Microplastic occurrence in central Iowa's reservoirs: Saylorville and Red Rock

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Eads, Danielle Lynnae
Major Professor
Jovanović, Boris
Crumpton, William G.
Isenhart, Thomas
Committee Member
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Ecology, Evolution, and Organismal Biology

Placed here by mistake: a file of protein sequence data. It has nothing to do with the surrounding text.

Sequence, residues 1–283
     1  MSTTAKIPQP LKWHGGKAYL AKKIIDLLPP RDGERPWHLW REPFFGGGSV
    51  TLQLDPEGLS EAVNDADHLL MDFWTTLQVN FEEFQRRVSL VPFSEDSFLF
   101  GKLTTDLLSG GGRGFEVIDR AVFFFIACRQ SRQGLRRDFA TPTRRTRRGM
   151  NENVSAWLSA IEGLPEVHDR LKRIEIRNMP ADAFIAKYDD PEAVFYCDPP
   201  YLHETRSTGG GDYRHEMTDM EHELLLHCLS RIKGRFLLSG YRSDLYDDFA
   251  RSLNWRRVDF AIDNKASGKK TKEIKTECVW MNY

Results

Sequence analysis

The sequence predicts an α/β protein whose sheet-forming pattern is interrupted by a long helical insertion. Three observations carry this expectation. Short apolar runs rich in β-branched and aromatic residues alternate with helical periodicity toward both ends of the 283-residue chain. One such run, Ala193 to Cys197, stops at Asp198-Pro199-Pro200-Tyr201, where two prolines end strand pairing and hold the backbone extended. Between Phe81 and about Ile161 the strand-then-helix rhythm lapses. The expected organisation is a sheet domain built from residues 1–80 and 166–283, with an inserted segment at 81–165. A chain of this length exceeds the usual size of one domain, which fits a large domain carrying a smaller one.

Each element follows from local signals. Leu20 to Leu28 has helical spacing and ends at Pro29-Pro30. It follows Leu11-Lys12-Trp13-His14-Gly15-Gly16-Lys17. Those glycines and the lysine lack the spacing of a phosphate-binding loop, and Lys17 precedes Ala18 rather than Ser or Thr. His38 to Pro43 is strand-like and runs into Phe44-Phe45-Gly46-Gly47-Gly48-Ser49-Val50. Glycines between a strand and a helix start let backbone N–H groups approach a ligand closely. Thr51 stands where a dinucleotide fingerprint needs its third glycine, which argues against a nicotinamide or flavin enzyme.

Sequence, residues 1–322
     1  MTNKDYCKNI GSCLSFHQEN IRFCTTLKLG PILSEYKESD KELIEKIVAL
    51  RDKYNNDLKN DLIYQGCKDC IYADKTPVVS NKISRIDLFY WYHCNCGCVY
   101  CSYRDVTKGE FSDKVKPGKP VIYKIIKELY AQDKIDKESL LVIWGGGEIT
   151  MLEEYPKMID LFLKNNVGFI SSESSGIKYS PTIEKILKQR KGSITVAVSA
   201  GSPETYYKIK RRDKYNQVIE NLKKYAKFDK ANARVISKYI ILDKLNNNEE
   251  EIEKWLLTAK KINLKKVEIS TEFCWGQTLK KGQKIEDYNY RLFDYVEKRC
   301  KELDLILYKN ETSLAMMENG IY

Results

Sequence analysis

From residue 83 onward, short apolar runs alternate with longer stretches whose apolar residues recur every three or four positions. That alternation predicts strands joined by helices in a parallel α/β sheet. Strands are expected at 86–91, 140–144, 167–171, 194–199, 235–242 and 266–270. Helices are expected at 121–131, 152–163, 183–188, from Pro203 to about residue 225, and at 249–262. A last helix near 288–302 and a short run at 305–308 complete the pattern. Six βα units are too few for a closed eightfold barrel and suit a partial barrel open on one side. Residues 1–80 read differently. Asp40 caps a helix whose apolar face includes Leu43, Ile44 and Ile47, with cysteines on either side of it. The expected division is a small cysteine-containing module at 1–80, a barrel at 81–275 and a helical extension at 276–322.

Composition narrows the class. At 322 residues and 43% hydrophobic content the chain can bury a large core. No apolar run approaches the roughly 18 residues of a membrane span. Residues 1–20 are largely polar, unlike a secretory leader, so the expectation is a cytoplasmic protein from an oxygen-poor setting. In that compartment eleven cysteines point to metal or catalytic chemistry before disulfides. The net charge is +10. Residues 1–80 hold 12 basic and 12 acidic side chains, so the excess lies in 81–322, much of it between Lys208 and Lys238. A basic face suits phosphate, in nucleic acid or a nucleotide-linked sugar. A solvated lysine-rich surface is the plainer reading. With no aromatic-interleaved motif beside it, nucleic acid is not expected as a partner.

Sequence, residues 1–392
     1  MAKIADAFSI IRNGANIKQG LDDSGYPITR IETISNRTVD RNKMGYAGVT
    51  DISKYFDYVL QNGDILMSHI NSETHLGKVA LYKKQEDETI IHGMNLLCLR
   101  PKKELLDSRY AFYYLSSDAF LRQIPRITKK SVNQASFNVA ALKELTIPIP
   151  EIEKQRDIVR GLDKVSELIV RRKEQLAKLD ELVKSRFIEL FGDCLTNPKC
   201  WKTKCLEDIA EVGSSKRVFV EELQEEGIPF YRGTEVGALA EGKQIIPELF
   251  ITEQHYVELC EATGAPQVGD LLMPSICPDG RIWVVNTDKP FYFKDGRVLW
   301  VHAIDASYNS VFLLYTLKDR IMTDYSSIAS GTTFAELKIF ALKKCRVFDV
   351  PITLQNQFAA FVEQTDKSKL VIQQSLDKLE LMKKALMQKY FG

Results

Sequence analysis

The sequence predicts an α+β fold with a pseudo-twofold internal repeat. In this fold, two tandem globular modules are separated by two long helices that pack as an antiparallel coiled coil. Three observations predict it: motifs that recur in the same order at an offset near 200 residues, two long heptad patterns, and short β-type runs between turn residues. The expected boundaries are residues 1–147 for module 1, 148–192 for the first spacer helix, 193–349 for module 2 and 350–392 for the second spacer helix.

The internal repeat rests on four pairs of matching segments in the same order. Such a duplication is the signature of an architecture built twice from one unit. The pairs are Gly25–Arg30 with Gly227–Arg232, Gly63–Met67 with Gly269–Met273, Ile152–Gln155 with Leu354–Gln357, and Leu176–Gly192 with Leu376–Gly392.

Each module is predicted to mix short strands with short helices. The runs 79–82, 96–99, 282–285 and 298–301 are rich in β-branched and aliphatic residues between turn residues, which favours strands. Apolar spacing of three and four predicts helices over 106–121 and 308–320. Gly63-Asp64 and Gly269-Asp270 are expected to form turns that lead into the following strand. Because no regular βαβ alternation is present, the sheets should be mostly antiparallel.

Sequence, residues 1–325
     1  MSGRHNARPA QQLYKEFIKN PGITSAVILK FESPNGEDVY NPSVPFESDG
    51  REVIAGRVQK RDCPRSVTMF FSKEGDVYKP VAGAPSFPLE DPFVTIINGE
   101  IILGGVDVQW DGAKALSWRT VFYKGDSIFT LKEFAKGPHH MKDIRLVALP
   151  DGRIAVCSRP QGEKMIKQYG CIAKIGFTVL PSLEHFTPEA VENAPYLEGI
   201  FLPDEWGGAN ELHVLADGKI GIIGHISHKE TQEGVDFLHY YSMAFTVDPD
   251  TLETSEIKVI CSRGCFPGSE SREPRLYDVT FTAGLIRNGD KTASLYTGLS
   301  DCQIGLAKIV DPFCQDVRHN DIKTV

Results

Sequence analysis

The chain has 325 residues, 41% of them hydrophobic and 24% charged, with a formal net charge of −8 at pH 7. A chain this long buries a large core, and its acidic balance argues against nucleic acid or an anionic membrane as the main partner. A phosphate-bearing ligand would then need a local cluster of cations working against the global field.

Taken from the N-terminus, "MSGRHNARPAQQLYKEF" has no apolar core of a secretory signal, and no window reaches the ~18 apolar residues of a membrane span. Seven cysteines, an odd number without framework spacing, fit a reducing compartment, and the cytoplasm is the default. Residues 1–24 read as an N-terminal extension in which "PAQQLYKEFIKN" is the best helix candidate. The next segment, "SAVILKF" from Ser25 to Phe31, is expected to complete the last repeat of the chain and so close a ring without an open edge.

Consumption of plastics has been increasing steadily since they were first produced, with most ending up in landfills or as litter and being transported into terrestrial and aquatic ecosystems where they do not decompose and accumulate. Microplastics can build up in aquatic ecosystems over time, potentially impacting human and aquatic species' health. However, despite the increasing prevalence of microplastics in aquatic environments, this contaminant has yet to be extensively surveyed in freshwater reservoirs. This study aimed to look at microplastic occurrence in the two primary flood control and recreational impoundments connected by the Des Moines River in central Iowa, Saylorville and Red Rock Reservoirs. These reservoirs were chosen because of their connectivity by the Des Moines River and proximity to the city of Des Moines, highlighting the possible reflection of the influence of the urban environment on microplastic loads. Samples were collected every two weeks at each reservoir using a 53 μm Wisconsin zooplankton net for a vertical water column sample and a 64 μm manta net for a horizontal surface water sample. Samples were digested in KOH, filtered onto a 0.2 μm aluminum oxide filter, and analyzed on a Bruker LUMOS-II microscope using FTIR spectroscopy in transmission mode with OPUS software. Samples were analyzed for the presence of plastic polymers, and particle sizes were recorded for each positively identified microplastic particle. This survey found 2,157 particles belonging to 11 unique plastic polymers, with the dominant types of PVC, PE, PEST, and PS accounting for 82.5% of all particles. Particle lengths ranged from 56 to 4,198 μm, with smaller particles significantly more abundant than larger particles. No significant differences were found in microplastic concentrations between the two reservoirs or between the zooplankton and manta net, giving low concentrations at Saylorville (1.39 ± 1.31 and 1.65 ± 1.72 MP/L) and Red Rock (1.16 ± 1.09 and 1.16 ± 0.85 MP/L) in the zooplankton and manta nets, respectively.
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